Att leva som lytt : Handikappades levnadsvillkor i 1800-talets Linköping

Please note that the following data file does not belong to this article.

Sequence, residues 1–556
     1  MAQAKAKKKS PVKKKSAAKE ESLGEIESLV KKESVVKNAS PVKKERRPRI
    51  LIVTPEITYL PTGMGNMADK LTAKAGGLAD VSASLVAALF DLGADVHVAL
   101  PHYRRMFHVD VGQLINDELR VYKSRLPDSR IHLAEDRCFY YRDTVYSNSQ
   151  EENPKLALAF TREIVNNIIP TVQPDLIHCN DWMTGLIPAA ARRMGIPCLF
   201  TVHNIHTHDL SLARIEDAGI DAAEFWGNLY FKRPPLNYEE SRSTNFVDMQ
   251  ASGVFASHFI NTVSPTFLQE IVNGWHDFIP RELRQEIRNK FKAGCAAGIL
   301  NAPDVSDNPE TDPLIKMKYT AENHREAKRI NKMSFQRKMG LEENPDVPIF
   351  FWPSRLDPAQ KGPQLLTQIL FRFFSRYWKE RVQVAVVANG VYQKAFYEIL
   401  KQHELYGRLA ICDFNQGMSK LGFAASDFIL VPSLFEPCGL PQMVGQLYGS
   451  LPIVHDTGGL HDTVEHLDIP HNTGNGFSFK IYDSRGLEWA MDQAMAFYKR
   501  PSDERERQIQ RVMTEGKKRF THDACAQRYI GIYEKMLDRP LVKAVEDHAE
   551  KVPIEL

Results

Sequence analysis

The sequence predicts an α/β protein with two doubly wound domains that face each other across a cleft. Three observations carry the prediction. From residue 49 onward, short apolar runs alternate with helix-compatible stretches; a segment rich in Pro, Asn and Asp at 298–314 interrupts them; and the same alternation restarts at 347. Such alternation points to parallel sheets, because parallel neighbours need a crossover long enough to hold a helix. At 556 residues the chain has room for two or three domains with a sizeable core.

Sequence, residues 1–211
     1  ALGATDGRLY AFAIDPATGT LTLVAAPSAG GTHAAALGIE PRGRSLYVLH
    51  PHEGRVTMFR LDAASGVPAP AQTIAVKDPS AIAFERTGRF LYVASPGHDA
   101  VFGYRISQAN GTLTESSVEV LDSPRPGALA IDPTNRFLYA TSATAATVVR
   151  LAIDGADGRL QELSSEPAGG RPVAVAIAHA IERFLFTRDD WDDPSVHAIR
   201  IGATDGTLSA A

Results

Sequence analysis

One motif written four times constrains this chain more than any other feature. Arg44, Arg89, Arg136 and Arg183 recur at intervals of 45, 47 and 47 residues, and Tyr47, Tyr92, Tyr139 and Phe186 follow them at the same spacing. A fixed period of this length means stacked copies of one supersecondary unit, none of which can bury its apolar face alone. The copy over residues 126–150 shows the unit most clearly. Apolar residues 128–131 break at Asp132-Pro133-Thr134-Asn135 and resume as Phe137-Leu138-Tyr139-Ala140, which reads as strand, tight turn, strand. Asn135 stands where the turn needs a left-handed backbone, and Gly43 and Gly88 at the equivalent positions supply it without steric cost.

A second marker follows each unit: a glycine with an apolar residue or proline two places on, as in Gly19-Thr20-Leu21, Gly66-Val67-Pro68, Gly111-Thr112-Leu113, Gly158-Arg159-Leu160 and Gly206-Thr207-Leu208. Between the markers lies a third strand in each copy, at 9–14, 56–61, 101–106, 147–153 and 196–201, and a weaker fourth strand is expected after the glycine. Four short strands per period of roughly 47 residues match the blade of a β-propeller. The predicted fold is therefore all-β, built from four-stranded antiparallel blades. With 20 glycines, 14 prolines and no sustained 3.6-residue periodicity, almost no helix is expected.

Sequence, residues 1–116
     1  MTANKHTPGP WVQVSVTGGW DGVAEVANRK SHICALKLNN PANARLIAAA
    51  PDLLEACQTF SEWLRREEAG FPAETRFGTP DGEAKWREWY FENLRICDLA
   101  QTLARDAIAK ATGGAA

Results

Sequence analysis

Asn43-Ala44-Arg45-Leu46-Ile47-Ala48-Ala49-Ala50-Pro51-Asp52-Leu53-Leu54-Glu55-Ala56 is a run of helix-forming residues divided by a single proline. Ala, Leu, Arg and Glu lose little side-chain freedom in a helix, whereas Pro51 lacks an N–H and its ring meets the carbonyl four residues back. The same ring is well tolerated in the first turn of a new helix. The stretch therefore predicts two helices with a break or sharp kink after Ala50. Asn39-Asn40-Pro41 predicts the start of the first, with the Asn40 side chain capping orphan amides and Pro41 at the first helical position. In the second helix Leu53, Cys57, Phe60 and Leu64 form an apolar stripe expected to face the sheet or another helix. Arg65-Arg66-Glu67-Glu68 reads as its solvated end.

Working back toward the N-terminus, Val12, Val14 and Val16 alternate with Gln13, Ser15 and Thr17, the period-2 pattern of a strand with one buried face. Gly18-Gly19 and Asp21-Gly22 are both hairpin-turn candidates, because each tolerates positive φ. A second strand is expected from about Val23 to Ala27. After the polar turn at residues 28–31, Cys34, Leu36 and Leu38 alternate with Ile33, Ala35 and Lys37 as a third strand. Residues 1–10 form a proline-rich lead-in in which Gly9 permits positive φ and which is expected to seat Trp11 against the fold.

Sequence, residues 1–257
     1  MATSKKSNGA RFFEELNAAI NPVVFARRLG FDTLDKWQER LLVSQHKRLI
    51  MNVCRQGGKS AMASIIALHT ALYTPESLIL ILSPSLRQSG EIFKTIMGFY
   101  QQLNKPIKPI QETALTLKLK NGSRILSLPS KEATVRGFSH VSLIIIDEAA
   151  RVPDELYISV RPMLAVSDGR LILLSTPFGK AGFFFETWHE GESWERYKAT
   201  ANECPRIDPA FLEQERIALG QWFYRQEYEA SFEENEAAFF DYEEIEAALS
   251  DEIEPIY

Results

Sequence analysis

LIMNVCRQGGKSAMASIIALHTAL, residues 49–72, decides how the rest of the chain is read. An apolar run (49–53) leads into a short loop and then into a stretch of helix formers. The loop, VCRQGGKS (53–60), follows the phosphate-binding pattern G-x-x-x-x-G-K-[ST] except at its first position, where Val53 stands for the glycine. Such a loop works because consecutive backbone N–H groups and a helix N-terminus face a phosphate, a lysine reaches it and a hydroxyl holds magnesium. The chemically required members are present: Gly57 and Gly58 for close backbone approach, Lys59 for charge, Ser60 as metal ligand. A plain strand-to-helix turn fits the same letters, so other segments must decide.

Sammanfattning: This book is about handicapped people who lived in the small city of Linköping, 200 kilometres south of Stockholm, during the 19th century. A number of handicapped people were followed as a group and as individuals to a certain extent. In order to understand how it might have been to live as a handicapped person, or "cripple' in the parlance of the times, several examples are also given of how 19th century society regarded the cripple.Most never lived inside the walls of an institution, bur were rather incorporated into society. In general, they lived with relatives or with their employers. Some had their own households or shared a household with other poor people. Many cripples had jobs, even though in some cases their disabilities were extensive. Few families with a crippled child received public assistance. Even as adults, the majority of the crippled had to manage without help. However, the living conditions of the crippled were different in certain respects from those of other Linköping residents. Most of them were unmarried and childless. Crippled men were rejected during conscription inspections.There were also a number of areas in which the crippled were noticed and differentiated from other groups. A number of different pictures emerge, depending upon context and observer. The public, the church, local authorities, doctors, educators and the state had at times the same and at times different motives. The crippled were paid attention to in connection with conscription, parish catechetical meetings, education, marriage, public assistance, and health care. In parallel with the differentiation, greater took place in the 19th century, which varied in the same way, dependent upon purpose and agents.
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